;And that is why they are blessed...for unlike you and me, who go about incessantly trying to prove to ourselves that we are  in control, they have been given the great good news that we’re not!

And that, believe it or not, is good news!  For God’s plan is the whole reason we were made, and the sooner we let go of our way and embrace his, the happier we will be!  Now, of course, for those He really loves, God’s way leads to the cross.  When he holds us close to his heart, we are given a full portion of sacrificial suffering to go along with it.  But once we recognize His embrace, even that suffering turns to pure joy.

But we gotta let go first.

I always loved the story told by Somerset Maugham about the janitor at St. Peter's Church in London. It seems that once the vicar found out the old man was illiterate he threw him out on the street.  However, the resourceful fellow took the little bit of money he had saved and bought a tobacco stand, which was so successful that he opened a shop, and then another one and another one, until he had amassed a fortune of several thousand pounds.  One day the man’s banker asked him, "You've done well for an old illiterate, but where would you be if you could read and write?" "Well," he thoughtfully replied, "I'd be janitor of St. Peter's Church in Neville Square."

Think back on your own life.  How many times did you face failure or ignominy or run right smack into a brick wall, convinced that God had made one first class mess of your life...and then it happens...once you’ve let go of all your presuppositions and glorious plans, God shows you the way he had planned...more glorious than anything you could have dreamt up in your wildest dreams.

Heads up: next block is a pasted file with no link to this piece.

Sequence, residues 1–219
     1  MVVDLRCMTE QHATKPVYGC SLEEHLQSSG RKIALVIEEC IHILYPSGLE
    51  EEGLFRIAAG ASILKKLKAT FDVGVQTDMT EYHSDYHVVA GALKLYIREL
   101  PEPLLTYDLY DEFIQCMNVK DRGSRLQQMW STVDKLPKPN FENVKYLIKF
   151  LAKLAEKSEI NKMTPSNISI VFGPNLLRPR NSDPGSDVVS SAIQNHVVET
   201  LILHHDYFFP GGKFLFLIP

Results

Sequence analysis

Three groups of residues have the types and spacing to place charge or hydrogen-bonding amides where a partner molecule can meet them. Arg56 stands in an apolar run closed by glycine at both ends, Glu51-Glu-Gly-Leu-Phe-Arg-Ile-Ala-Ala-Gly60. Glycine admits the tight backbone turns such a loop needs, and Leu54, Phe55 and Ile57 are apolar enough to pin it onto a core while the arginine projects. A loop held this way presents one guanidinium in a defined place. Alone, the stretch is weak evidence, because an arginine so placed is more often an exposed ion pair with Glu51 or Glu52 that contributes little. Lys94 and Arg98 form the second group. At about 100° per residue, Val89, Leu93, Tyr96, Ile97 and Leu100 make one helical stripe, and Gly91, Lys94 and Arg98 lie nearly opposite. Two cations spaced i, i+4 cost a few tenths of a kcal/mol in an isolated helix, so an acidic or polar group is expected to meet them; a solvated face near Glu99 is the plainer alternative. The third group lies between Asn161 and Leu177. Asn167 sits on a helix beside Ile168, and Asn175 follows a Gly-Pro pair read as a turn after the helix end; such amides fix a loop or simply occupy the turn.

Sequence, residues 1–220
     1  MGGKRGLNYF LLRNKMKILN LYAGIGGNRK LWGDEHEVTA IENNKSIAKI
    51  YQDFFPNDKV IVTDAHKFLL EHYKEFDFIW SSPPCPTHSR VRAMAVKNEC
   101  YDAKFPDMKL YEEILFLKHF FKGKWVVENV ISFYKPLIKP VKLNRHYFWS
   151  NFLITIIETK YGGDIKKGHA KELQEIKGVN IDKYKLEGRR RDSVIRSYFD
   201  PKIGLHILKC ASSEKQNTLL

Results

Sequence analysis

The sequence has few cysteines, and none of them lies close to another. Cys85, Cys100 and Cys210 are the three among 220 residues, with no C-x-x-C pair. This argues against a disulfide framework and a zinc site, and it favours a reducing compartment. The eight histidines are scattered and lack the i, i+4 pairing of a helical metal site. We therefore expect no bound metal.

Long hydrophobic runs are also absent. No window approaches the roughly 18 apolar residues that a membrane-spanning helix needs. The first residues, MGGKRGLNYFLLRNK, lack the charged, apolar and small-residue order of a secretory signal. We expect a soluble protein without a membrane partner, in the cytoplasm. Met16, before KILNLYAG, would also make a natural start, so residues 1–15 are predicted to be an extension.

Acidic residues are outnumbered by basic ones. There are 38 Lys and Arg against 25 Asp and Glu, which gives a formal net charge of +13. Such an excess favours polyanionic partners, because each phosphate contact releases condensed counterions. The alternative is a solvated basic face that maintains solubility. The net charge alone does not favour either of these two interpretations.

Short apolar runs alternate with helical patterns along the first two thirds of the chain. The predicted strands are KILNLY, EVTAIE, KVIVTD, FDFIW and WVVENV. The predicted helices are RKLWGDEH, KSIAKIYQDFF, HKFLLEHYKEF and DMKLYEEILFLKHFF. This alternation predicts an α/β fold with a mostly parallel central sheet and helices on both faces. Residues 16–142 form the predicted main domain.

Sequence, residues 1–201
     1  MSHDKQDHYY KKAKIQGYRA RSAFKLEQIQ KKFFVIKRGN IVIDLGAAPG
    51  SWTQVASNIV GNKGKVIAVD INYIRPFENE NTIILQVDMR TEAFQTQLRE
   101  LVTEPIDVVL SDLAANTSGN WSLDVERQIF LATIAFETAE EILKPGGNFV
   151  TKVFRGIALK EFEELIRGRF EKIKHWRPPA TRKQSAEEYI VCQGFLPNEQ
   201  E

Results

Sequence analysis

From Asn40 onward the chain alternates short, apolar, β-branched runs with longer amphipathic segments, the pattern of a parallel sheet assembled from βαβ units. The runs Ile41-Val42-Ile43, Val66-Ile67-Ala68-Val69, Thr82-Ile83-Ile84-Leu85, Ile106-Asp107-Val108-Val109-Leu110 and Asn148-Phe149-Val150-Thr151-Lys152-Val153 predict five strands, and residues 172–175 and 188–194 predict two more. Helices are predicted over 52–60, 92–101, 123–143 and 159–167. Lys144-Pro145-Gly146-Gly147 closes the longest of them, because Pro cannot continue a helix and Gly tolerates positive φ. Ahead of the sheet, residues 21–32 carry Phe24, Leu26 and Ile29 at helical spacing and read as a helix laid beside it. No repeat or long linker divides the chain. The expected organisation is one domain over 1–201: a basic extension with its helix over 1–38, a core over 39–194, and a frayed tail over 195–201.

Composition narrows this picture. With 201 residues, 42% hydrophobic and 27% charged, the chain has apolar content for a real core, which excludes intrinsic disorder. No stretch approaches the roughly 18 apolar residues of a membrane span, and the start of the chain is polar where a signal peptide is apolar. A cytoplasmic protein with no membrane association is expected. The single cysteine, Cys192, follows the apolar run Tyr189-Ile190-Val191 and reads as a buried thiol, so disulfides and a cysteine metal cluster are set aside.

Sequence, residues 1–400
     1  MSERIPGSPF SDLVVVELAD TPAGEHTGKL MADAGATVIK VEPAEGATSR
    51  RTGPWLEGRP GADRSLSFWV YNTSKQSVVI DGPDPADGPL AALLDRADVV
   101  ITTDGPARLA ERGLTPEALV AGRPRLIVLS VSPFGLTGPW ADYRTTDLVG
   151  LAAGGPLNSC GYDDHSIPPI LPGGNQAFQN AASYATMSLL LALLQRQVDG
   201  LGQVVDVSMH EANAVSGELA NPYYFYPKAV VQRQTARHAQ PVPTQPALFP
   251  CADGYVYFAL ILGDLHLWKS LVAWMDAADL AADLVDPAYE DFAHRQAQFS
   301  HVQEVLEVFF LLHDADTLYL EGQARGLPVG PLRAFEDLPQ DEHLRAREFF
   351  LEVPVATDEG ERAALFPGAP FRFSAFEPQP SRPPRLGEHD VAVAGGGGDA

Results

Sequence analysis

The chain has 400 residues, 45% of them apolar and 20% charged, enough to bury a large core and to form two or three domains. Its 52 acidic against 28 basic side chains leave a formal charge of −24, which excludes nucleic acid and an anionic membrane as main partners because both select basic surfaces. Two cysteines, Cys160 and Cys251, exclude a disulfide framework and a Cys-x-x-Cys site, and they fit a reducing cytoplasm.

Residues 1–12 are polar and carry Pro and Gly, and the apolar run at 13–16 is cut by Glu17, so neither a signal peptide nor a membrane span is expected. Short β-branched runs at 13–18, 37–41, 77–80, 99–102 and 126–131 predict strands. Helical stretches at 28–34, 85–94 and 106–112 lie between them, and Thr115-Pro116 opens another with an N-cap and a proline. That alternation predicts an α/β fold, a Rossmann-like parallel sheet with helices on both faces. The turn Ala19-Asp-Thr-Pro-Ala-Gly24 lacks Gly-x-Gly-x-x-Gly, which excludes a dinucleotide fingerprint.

And so it is with the person lying on a bed of pain, convinced that God is just toying with them or perversely punishing them for some long forgotten sin.  But then if they accept the cross, open their arms upon it, they suddenly discover there is always meaning in suffering, and hope in  pain.  Good Friday never passes without the Easter morn.

Thus are we freed from the bonds of our brilliant plans and drawn closer to God.

The Roman Missal
Such sentiments are succinctly expressed in the prayers of the new Roman Missal in the Masses for the Sick and for those in Prison.  Take a look, for just a moment, at the prayer for those in Prison:

Almighty and merciful God,
to whom alone the secrets of the heart lie open,
who recognize the just and make righteous the guilty,
hear our prayers for your servants held in prison,
and grant that through patience and hope
they may find relief in their affliction
and soon return unhindered to their own.
Through our Lord Jesus Christ, your Son,
who lives and reigns with you in the unity of the Holy Spirit, 
one God, for ever and ever.

“to whom alone the secrets of the heart lie open”  
God alone is omniscient and only he, not the lawyer, not the judge, and sometimes not even the prisoner, know the whole truth.  Only God, just judge and all merciful, knows and loves the heart of every prisoner.